“The chance you had is the life you’ve got. You can make complaints about what people, including you, make of their lives after they have got them, and about what people make of other people’s lives…but you mustn’t wish for another life. You mustn’t want to be somebody else.” Wendell Berry in Hannah Coulter
After our Colorado trip and two days back in the office in Oklahoma City, we’re here in Illinois wrapping up the last of our vacation days. Altogether, it’s been a good and much-needed break from the past 18 months of school merging and managing, and I’m (almost) ready to jump back into things in earnest next week.
In the meantime, I’m making the most of our last few days here in Pike County where I – along with four previous generations of Dunhams – grew up on our centennial farm. Our girls love being here and connecting with their four Pike County cousins (I have two younger sisters who each have two kids of their own), Megan graciously tolerates the latest tales of townsfolk she has never met, and even our dog, Peaches, seems to have an affinity for the rural life (in particular the John Deere Gator rides, as shown above).
I love the farm. For as long as I can remember, it has meant much to me as a place, an anchor, a stopping-off point, a means of provision, a muse of creativity, a home…the list is endless. The stability of associating myself with a particular 600 acres of God’s green Earth is rare in today’s transient world and has always mesmerized me in its value, both felt and perceived. Even when I didn’t want to be here, or thought there was no future in it for me here, I’ve always loved the farm…and I always will.
But then I ask myself, do I love the farm or do I love the idea of the farm? The answer to both questions is “yes,” which transforms the inquiry into one of degrees (i.e. which one do I love more?). That’s when things get confusing.
There was a time – when, for instance, I would plow the living room for hours on end as a five-year-old – that my family may have expected me to remain on or eventually return to the farm. At some point, though – exactly when, I don’t know – they let go of that expectation most likely because I did. I remember being 16 and chomping at the bit to leave for college, to graduate and move to The Loop in downtown Chicago (to do what, I had no idea), and never look back. The desire did not spring from some dislike for the rural as much as a fascination for the urban; after all, as the post-WWI song goes, “How you gonna keep ‘em down on the farm after they’ve seen Paree?”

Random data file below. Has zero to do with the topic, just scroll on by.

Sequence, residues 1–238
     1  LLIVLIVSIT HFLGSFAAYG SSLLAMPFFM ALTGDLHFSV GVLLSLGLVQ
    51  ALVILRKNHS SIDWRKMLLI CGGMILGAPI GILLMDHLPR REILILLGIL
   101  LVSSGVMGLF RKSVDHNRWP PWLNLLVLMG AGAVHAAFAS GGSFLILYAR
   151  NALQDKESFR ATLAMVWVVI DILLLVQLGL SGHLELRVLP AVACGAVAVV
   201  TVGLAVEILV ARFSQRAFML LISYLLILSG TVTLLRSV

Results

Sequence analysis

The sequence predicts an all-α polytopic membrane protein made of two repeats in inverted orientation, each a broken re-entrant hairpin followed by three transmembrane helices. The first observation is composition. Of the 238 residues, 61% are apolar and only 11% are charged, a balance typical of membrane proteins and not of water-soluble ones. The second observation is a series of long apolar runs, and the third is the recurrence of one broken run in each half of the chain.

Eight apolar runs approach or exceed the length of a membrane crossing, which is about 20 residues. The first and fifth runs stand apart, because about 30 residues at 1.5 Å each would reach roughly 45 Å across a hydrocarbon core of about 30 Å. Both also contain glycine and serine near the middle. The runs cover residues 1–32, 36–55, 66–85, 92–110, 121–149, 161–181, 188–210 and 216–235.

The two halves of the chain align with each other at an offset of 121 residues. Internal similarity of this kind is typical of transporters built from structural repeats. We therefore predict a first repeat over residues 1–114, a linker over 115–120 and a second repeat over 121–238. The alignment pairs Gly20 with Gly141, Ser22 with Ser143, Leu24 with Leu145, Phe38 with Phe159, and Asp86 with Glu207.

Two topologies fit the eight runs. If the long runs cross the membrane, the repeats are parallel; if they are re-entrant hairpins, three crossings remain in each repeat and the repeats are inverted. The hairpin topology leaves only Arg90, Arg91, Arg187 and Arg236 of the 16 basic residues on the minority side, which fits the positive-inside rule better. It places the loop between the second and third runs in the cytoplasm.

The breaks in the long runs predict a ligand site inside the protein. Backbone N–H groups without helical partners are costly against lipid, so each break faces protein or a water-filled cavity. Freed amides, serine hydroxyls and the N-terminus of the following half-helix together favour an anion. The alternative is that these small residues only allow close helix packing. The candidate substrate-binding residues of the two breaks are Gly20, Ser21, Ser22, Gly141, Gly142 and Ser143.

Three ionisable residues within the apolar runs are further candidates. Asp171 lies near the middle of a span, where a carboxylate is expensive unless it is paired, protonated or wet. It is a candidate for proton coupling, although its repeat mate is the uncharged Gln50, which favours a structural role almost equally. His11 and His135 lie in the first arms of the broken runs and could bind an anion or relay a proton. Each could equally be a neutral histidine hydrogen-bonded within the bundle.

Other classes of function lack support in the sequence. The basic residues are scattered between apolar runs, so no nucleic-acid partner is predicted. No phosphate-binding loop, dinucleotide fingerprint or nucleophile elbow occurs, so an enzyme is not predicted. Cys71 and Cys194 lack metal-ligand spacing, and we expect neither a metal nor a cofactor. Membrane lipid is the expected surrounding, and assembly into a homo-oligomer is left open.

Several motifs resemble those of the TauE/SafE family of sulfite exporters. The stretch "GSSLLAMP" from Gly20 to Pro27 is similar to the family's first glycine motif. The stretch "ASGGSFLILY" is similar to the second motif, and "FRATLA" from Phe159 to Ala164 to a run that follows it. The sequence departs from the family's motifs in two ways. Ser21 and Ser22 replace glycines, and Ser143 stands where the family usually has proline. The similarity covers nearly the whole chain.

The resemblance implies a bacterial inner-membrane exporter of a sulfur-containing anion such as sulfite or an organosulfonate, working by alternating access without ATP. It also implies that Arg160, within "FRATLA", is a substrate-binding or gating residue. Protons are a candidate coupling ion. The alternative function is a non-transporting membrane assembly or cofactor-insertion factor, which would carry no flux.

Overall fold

I can’t say I ever felt direct pressure to “be about” the farm; chores (what little of them I had) never came before studies or school events, and farming was never cause for missing a game or performance or church as long as Saturday mornings were kept open for hog work. If anything, there were times in my early teens when I probably felt frustrated that I couldn’t do more to help out in the fields or on the bigger equipment in a more significant way, but God had his reasons, and my parents – perhaps seeing the writing on the wall before I did – acquiesced to those by supporting (and at times, directing) me in other endeavors.
As I’ve grown older, I confess that my pride in telling others of our family’s fifth-generation farm quickly erodes even before the end of the sentence when, inevitably, I know the next question that’s coming: “So what’s going to happen to the farm?” Many times I have felt guilty at being the only son or (though I would not trade any of my daughters for all the farms in the world) that my Y chromosomes couldn’t figure things out enough to produce a male heir to carry on the Dunham name and take to farming more than I did. Neither feeling is fair, but guilt (in particular the self-inflicted kind) does not play by the rules.